Amend the Employment Act to ensure rights for parents — Women’s Aid Organisation

MAY 30 — As we celebrate Parents’ Day this Saturday, let us do right by parents and support laws that safeguard their rights in the workplace.

We all know how challenging it is to raise children while juggling the demands of work. And the balancing act is even tougher for parents who are not only working and raising children, but also caring for elders.

Parents face discrimination at work

The challenges that parents face go beyond balancing multiple roles; many parents also have to contend with discriminatory perceptions of their capabilities in the workplace. A WAO survey showed that over 40 per cent of pregnant women had faced discrimination in the workplace — they were made redundant, denied promotions, placed on prolonged probations, demoted, and terminated.

Additionally, a landmark study by researchers at Cornell University found that mothers are perceived to be less competent and committed than women without children — even when they have similar credentials. This is known as the “motherhood penalty”.

Future parents are also not spared from discrimination. About 40 per cent of women whom WAO surveyed said that interviewers had asked whether they were pregnant or had plans to become pregnant in the future. Interviewers also frequently ask women about their marital status during hiring.

In contrast, interviewers are far less likely to ask men about their marital status or plans to start a family. This highlights how many see caregiving as primarily “women’s work”. Such notions not only discriminate against women, but also discriminate against men who share in caregiving responsibilities and may also require paternity leave or flexible work arrangements.

Pass the proposed amendments to the Employment Act

Clearly, parents and parents-to-be deserve better support and protection against discrimination in the workplace.

Thus, we welcome the Ministry of Human Resources’ proposed amendments to the Employment Act, which includes the recognition of additional rights for parents. The Ministry’s proposed amendments, as of March 2019, include the following:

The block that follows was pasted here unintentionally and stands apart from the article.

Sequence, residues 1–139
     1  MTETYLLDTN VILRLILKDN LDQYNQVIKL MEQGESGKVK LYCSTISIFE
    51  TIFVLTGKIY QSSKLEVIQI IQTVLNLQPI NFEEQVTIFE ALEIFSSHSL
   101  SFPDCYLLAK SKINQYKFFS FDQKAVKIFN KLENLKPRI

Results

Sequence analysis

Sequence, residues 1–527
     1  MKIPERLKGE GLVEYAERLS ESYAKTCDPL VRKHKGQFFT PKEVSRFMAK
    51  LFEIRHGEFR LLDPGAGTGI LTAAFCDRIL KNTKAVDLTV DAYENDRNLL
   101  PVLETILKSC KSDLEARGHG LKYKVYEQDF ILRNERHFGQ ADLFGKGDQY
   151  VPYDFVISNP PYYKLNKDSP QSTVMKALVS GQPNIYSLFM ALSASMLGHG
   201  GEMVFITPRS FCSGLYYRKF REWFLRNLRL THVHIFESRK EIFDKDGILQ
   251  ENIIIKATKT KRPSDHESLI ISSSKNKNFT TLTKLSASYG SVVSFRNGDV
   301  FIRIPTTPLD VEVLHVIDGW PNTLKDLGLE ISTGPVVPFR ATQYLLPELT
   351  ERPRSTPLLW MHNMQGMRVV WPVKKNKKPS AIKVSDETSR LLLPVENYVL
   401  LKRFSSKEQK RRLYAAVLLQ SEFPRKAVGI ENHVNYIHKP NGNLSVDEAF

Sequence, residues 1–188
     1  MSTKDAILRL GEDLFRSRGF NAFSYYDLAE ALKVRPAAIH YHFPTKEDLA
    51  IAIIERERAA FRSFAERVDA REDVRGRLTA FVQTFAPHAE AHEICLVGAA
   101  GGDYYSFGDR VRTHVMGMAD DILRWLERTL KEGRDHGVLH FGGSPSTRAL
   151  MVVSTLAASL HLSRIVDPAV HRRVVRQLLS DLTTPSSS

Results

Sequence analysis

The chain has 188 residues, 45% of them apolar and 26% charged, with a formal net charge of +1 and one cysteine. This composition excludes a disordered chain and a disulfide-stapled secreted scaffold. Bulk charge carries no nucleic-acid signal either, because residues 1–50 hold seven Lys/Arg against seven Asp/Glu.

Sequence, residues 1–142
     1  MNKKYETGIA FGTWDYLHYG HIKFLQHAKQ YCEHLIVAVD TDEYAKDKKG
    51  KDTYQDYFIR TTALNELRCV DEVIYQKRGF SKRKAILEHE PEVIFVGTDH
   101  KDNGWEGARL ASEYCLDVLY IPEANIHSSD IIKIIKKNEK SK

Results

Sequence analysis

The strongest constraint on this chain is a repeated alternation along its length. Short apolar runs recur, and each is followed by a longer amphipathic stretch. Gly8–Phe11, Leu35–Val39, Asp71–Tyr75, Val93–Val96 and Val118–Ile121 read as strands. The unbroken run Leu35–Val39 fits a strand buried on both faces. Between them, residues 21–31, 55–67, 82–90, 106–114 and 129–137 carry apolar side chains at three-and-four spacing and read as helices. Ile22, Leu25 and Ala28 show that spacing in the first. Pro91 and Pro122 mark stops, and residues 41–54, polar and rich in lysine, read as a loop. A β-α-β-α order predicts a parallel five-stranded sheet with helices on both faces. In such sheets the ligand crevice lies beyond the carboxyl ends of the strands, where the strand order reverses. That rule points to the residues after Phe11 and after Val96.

Firstly, employees and job-seekers will be legally protected from discrimination on the basis of pregnancy, marital status, gender, race, religion, disability, and language.

Secondly, employees will be legally protected from termination due to pregnancy.

Thirdly, maternity leave will be extended from 60 days to 98 days, while fathers will receive three days of paid paternity leave. The introduction of paternity leave is a step forward in recognising caregiving as a shared responsibility, and this helps promote gender equality at home and at work.

Fourthly, employees can request for flexible work arrangements, subject to their employers’ approval.

As the amendments to the Employment Act are still being finalised, we urge the Ministry to keep these amendments on the agenda and to table them in Parliament this July. We also call on Members of Parliaments to support and pass these amendments.

Improve the amendments to the Employment Act

These amendments can also be improved to further strengthen parents’ rights in the workplace.

Firstly, “parental status” should be included as a prohibited ground of discrimination, in addition to pregnancy, marital status, and gender. This ensures that parents — both mothers and fathers — are legally protected from discrimination, not just during pregnancy, but also after they have children.

Secondly, victims of discrimination should be entitled to compensation. Currently, under the proposed amendments, if an employer discriminates an employee or terminates an employee during maternity leave or because of pregnancy, the employer may be fined up to RM50,000.

However, punishing the employer doesn’t directly help the victim, especially if the victim has been affected financially due to loss of employment. Hence, the law should also allow for compensation.

Thirdly, paternity leave should be extended to at least seven days, which is what fathers in the public sector currently enjoy. As a comparison, in Singapore, fathers are entitled to 14 days of paid paternity leave.

This Parents’ Day, let us commit to protecting and supporting parents in the workplace. They deserve no less.

* This is the personal opinion of the writer or publication and does not necessarily represent the views of Malay Mail.

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